SOLD FOR: $2,099.24
Make: Mre. D’Armes St. Etienne
Model: Mle. 1873
Serial Number: 5153
Year of Manufacture: 1882
Caliber: 11mm Center Fire
Action Type: Traditional Double Action (DA / SA), Six Shot, Loading Gate Fed Revolver.
Markings: The following parts are marked with the serial number: left sides of the sideplate, hammer, sear, trigger, pawl, cylinder; the underside of the trigger guard, cylinder pin and the left shoulder of the seven sided portion of the barrel. The left side of the barrel is marked circled “R” and “T”. The top flat of the barrel is marked “Mle _ 1873. M”. The right flat is marked “S.1882”, the bottom is marked “11”, circled “D”, “F” in shield and crown over “E”. The cylinder pin is marked “b53 / 5”, circled “E”. The left side of the frame is marked with “P / C / B” in separate shields. The right side is marked with scripted “L” in circle, “Mle d’Armes / St_Etienne”, “B / B / G / G/” in separate shields and “37 / 90” on the right side grip frame. The right side of the trigger is marked “B53”, along with the inside of the trigger guard, inside of the left sideplate, sideplate screw head, right side grip screw, right grip panel, front of the cylinder face and right side cylinder pin release screw head. The butt is marked with an anchor. The cylinder is marked with a crown over “E”, the serial number, circle “D”, “1 / M” and “B / F” in separate shields. The front strap is marked “7”. The inside of the leather flap holster lid is marked with an acceptance ink stamp; all that we could make out is “16-7 / A”. Please see our photographs.
Barrel Length: 4-1/2”
Sights / Optics: The front sight is a beaded steel post, integral to a base that is dovetailed onto the barrel. The rear sight is a “V” notch on the top of the frame.
Stock Configuration & Condition: The grips are two piece checkered wood panels that have smooth borders. The left panel is cracked and was glued back together at some point. Both panels have compressions in the checkers, along with scuff and scratch marks, as photographed. The grips rate in about Good overall condition given their age.
Type of Finish: The pistol was finished “In the Bright”, with straw colored hammer, trigger and internal components.
Finish Originality: All original
Bore Condition: The bore is bright and the rifling shows light wear, but is highly defined. There is light pin prick erosion in the bore in sparse areas, up until the muzzle where there is slightly deeper erosion in patches.
Overall Condition: This handgun retains about 91% of its metal finish. The metal surfaces show scuffs, scratches, sanding marks and a forming patina, throughout, as photographed. There are areas of pin prick surface erosion throughout, please see our photographs. The chambers of the cylinder are bright and sharp; the exterior of the cylinder shows scuffs, wear marks and a building patina with hints of shallow erosion. There is moderate pitting on the back of the frame, under the hammer. The screw heads are sharp. The markings are slightly faded in some areas, smaller acceptance marks are difficult to read. We cleaned out some of the markings and they became more legible, a thorough cleaning should render further clarity. Overall, this handgun rates in about Fine condition, given its age.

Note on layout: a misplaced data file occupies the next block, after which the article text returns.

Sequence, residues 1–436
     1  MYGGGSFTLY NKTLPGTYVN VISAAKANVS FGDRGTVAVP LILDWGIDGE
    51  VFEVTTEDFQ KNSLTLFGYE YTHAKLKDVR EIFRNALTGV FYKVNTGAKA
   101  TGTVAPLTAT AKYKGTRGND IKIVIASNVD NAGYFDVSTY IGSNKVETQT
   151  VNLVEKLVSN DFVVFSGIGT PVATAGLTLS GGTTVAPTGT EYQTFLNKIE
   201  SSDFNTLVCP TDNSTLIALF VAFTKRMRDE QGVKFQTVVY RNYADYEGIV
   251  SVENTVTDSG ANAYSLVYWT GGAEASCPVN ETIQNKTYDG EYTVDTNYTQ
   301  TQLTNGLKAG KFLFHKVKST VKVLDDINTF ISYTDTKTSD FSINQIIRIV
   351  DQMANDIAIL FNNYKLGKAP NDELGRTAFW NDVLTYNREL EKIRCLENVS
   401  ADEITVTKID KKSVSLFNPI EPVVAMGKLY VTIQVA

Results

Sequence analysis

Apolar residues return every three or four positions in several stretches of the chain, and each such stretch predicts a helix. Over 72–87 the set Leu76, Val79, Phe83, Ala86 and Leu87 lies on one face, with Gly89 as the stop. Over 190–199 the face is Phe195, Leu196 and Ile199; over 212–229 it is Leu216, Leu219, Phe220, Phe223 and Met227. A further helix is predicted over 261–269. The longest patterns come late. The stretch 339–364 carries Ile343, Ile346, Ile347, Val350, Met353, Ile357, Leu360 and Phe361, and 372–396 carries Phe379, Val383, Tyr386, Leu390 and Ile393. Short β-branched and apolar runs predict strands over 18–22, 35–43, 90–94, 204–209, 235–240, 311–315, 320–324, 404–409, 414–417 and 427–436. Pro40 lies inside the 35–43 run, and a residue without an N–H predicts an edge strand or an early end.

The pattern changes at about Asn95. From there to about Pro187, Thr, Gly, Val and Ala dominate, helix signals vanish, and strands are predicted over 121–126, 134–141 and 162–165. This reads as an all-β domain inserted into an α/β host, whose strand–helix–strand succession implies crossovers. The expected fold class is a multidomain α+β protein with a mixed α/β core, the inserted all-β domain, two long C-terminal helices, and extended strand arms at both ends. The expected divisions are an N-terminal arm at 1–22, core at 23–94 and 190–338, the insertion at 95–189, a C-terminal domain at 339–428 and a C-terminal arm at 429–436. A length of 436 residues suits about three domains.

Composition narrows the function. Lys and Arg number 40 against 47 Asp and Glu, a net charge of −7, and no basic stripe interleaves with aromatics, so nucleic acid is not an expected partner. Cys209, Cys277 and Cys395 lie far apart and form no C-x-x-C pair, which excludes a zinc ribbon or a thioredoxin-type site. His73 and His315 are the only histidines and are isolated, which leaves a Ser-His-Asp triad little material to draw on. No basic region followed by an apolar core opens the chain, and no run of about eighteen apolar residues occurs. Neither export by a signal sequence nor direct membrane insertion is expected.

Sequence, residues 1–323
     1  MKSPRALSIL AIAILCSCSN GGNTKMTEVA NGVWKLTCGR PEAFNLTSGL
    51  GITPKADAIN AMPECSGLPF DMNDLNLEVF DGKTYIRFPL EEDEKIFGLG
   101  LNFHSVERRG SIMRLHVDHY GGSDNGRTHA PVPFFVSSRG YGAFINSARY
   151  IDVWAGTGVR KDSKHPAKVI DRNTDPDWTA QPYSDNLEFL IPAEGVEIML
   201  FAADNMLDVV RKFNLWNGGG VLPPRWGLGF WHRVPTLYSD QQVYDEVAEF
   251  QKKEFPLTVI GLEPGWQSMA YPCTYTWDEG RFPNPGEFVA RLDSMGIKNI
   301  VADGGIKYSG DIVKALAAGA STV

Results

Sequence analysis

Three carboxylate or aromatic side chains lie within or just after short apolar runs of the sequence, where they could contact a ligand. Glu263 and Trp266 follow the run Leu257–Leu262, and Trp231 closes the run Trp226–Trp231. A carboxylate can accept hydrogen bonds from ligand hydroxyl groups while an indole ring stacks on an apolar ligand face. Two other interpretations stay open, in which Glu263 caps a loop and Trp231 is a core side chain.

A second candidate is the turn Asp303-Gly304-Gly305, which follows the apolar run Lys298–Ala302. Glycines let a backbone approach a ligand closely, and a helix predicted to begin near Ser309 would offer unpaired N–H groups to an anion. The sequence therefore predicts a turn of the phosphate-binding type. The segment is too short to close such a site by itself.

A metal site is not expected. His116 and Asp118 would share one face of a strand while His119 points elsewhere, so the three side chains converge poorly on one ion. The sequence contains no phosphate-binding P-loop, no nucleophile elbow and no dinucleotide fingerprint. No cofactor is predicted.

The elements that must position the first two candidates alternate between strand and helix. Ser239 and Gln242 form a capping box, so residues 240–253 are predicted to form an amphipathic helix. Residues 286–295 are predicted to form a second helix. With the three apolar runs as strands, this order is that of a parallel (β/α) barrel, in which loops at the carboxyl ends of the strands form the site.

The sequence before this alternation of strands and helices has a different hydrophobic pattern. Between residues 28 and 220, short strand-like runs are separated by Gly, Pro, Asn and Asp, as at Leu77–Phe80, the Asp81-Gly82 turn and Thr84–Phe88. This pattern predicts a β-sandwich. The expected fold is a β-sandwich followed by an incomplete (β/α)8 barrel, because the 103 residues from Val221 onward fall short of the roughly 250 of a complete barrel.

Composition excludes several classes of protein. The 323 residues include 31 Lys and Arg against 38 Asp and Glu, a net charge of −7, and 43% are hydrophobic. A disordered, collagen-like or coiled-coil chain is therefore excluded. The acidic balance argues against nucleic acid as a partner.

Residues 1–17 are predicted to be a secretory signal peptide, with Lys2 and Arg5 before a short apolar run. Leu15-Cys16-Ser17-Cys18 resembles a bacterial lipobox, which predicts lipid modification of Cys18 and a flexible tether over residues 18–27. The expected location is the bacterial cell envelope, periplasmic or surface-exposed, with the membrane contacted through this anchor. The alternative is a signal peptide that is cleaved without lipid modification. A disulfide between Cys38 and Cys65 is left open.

Mechanics: The action functions correctly. There is side-to-side play on all chambers, but not measureable amount of fore-to-aft play. The pistol has a very smooth double and single action pull, with a sturdy, reassuring ‘snap’ to the action. We did not fire this handgun. As with all previously owned firearms, a thorough cleaning may be necessary to meet your maintenance standards.
Box, Paperwork & Accessories: One correct French Military Ordnance leather flap holster is included in this item. There is a marking on the inside of the flap, as photographed. The leather is supple, with scuffs, scratches and losses of finish throughout, as photographed. The holster rates in about Fine condition.
Our Assessment: This is a beautifully preserved St. Etienne Model 1873 military revolver, chambered in 11mm Center Fire, with a correct flap holster. The pistol’s bore is bright with lightly worn rifling, with some clusters of pin prick erosion at the muzzle (along with lighter erosion drizzled in small patches past the bore). The cylinder has wobble from side to side but is firm fore to aft. The left side grip panel has a large repaired crack as photographed. The revolver was made in 1882 and still has a stiff action. This pistol’s serialized parts are all matching, making for an enticing collector’s piece. From http://thearmsguide.com/773/weird-gun-wednesday-the-mle-1873-french-service-revolver/ : “If you’re a fan of the film The Mummy as I am, you may already know that the chunky brace of revolvers Brendan Fraser wields akimbo style throughout the first film are venerated 1873 French Service Revolvers, or “Chamelot Delvignes.” It famously makes another appearance in the film Defiance , when Daniel Craig uses one to blow away a family of Nazi soldiers during dinner.”…” The 1873 French Service Revolvers were issued to the French Foreign Legion, undoubtedly ended up (at least in small numbers) in the holsters of immigrant cowboys in the American Wild West, and was dragged back into service for both World War I and World War II (in the latter war, these were largely used by police and other secondary forces). That’s over 70 years of service!”